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4Panel Friday amreading Art comics

Four Panel Friday: Aaron Linton’s Found Object Comics



Aaron Linton? A mystery.

His website is simple. A two page nav – Images and Contact.

No “about me”. No “start here”.

I dig.

No Twitter. No Facebook. Not even instagram.

I dig even more.

Only a collection of stunning images assembled with mixed materials.

His art is like stop motion animation on pause.

Have a look: https://www.aaronlinton.com/

From: Comics: Easy as ABC! The Essential Guide to Comics for Kids

By: Ivan Brunetti

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4Panel Friday amreading Art comics

Four Panel Friday: Brian Roppel’s Force of Habit



Brian Roppel’s comics are action packed. His panels explode with movement.

Looking at his art brings back the same delight I got watching Nicktoons as a kid.

Based in Toronto, Brian works in multiple mediums – comics, illustration, and animation.

Check out his back catalog here.

From: Comics: Easy as ABC! The Essential Guide to Comics for Kids

By: Ivan Brunetti

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4Panel Friday amreading Art comics

Four Panel Friday: Mark Connery’s A Tragedy



Mark Connery‘s Rudy has a long history. Rudy’s been appearing in mini-comics since the early 90s.

Mark’s comics are punk. His distribution is punk. His publisher – 2dcloud is punk.

As this 2014 Comics Journal review by Robert Kirby describes:

Connery, a Torontonian, has been producing his minis and comics himself, distributing them through the mail or anonymously dropping copies at punk shows, libraries, and on public transit, leaving a portion of his readership up to the vagaries of fate. Very punk indeed.

From: Comics: Easy as ABC! The Essential Guide to Comics for Kids

By: Ivan Brunetti

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4Panel Friday amreading Art comics

Four Panel Friday: Stormy Weather



One of the best parts of doing Four Panel Friday each week is discovering new cartoonists.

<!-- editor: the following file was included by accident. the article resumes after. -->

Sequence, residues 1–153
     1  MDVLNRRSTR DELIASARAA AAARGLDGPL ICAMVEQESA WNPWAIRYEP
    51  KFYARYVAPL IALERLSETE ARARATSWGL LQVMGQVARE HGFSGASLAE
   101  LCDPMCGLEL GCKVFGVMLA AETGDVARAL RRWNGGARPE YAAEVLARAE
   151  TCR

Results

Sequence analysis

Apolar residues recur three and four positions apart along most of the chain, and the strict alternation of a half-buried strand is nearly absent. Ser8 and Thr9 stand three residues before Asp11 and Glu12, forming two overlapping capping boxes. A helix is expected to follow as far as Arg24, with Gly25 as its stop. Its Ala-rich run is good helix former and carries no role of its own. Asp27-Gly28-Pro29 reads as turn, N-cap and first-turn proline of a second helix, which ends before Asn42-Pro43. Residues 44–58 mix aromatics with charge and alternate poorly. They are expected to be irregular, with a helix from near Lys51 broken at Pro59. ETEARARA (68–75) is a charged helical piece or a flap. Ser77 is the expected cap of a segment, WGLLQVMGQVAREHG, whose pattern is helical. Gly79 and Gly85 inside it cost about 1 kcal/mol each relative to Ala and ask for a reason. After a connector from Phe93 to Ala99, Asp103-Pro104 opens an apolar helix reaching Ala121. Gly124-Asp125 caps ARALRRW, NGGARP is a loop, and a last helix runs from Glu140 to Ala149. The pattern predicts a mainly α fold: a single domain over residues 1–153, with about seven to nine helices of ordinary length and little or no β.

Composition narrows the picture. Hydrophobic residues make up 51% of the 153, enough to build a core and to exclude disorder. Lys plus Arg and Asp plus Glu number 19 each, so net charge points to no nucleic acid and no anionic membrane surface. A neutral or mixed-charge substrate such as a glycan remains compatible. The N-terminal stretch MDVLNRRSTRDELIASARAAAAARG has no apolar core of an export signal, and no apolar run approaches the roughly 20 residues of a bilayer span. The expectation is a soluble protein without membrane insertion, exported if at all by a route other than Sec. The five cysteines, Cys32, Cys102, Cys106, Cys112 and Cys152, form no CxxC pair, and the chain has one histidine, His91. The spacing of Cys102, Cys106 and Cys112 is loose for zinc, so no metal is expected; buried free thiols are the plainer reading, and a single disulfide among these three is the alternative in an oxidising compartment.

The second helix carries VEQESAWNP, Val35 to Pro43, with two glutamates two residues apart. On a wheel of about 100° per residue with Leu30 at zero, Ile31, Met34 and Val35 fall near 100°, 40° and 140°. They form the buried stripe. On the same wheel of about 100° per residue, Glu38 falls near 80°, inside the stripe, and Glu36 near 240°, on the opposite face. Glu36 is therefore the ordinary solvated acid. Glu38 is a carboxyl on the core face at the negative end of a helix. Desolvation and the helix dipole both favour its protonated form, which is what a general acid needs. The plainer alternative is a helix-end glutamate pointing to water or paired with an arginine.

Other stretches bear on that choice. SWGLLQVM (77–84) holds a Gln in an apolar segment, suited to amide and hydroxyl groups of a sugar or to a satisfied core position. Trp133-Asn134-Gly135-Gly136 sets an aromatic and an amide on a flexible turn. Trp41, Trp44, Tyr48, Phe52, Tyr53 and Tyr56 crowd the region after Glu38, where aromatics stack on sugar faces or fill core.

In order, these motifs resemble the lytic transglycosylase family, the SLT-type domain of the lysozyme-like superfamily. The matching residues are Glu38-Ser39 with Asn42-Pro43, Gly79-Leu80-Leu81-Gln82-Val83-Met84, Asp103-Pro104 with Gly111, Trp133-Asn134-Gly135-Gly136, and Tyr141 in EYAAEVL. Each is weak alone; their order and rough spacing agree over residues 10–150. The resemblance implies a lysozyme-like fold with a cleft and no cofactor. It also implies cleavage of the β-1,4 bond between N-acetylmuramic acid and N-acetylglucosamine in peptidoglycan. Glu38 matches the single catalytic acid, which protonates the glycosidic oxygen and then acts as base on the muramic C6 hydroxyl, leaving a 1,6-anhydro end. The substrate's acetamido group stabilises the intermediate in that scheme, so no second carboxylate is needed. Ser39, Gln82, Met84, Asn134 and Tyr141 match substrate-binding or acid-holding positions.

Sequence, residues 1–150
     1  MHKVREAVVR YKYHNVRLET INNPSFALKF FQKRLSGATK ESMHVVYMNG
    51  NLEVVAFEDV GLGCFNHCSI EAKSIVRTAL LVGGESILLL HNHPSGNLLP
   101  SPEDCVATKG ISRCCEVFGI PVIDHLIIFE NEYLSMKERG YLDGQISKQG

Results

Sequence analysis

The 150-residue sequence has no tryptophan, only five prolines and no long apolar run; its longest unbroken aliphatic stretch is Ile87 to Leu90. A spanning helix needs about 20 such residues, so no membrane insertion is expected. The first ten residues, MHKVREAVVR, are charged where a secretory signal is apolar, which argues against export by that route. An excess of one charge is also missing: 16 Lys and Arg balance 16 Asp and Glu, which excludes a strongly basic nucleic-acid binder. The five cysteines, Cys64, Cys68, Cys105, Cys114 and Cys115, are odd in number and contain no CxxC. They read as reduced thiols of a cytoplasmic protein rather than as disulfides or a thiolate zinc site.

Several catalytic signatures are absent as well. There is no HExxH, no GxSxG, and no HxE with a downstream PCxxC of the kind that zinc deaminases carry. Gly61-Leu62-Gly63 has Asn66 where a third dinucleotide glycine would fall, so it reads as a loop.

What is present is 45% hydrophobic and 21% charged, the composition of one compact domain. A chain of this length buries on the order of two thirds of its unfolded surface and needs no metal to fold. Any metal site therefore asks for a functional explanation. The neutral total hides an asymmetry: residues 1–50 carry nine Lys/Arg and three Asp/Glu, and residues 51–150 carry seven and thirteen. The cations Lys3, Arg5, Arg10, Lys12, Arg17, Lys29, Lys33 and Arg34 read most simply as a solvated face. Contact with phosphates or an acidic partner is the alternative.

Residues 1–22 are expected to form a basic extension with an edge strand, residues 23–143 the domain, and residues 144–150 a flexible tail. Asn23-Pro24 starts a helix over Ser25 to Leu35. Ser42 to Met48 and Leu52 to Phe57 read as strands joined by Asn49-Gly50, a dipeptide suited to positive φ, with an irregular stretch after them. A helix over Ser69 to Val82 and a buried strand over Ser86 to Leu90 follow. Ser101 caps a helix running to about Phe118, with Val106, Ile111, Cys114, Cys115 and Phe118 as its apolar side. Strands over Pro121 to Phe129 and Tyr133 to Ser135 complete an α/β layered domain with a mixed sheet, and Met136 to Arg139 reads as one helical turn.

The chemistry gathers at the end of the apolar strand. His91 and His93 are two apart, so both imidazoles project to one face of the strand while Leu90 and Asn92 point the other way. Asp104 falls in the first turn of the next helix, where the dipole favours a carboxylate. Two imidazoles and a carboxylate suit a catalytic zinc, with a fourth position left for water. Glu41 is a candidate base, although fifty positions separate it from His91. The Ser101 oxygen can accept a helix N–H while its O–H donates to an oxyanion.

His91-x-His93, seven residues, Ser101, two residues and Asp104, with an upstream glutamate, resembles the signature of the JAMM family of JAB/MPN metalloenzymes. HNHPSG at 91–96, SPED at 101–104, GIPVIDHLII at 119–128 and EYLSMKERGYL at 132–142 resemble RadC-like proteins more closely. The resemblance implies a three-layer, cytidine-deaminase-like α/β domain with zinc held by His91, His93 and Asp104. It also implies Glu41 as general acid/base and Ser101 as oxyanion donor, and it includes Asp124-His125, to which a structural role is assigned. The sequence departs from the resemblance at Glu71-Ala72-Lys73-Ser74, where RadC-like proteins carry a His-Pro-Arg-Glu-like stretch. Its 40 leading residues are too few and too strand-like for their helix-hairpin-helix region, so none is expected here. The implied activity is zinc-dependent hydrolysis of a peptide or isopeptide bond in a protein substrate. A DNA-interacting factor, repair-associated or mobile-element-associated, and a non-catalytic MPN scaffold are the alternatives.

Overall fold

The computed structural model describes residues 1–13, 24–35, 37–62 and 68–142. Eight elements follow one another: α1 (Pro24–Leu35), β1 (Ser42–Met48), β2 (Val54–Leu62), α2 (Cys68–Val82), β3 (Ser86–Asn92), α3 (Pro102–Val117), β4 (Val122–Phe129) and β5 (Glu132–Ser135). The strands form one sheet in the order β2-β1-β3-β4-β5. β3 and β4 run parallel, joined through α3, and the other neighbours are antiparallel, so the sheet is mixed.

Today, Erik Nebel steps to the drafting table. He’s currently at work “on a bunch of comics projects”.

What will he conjure up?

From: Comics: Easy as ABC! The Essential Guide to Comics for Kids

By: Ivan Brunetti

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4Panel Friday amreading Art comics

Four Panel Friday: The Magician


Magic Y’all

Davide Bart Salvemini is an Italian cartoonist based in Bologna. He describes his style as Psicheledelico.

The clouds shifting positions and changing shapes between panels helps indicate time passing.

With only four panels, each line needs to move the story forward.

From: Comics: Easy as ABC! The Essential Guide to Comics for Kids

By: Ivan Brunetti

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4Panel Friday amreading Art comics

Four Panel Friday (on Saturday): Little Buddies



Up this week is cartoonist Alex Schubert. Alex’s strips were regularly featured in Vice.

Here Alex demonstrates how simple shapes, spread across four panels, can tell a story.

From: Comics: Easy as ABC! The Essential Guide to Comics for Kids

By: Ivan Brunetti

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4Panel Friday amreading Art comics

Four Panel Friday: Turning the Lights Back On


More stumbling around

Mark Laliberte comes up with a bright idea. Perfect fodder for Four Panel Friday.

Read more 4 Panel delights at Mark’s site – The 4PANEL Project.

From: Comics: Easy as ABC! The Essential Guide to Comics for Kids

By: Ivan Brunetti

Categories
4Panel Friday amreading Art comics

Four Panel Friday (on Saturday): Austin Kleon’s Keep Going


Nothing to see here…

With my comics tucked away in storage I relied on happenstance for this weeks post. I was flipping through Austin Kleon’s book – Keep Going, and then POW! Mission accomplished.

Kleon doesn’t consider himself a cartoonist but he’s drawn and posted so many of these he’s becoming dangerously close.

An incredible toilet read, Keep Going is definitely a must purchase.

From: Keep Going – 10 Ways to Stay Creative In Good Times and Bad

By: Austin Kleon

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4Panel Friday amreading Art comics Drawings

Four Panel Friday, plus a cover, and an extra panel (on Sunday): All Star Squadron #28



I remember this All Star Squadron issue being a Justice League comic. Turns out it’s the Justice Society.

Justice who? What kind of bench warming Justice League is this?

Hold up. Learn your comics history J.

The Justice Society was the first superhero team to ever appear in D.C. Comics.

They’re the godfather and godmothers of the superhero team-up game. Respect due.

From: All Star Squadron #28

By: Roy Thomas, Richard Howell, and Gerald Forton

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Art comics Drawings writer's inspiration

Cartoonist Lynda Barry keeps us going


I remember picking four comics that I was going to read for the rest of my life. And one of those was Family Circus.

Lynda Barry

Let Lynda Barry’s encouraging words on drawing and Canada and Family Circus, help you through today.

Then go make some marks. Doodle. Sketch. Write a few bad sentences. Edit. Draw some more. Read.

Keep going.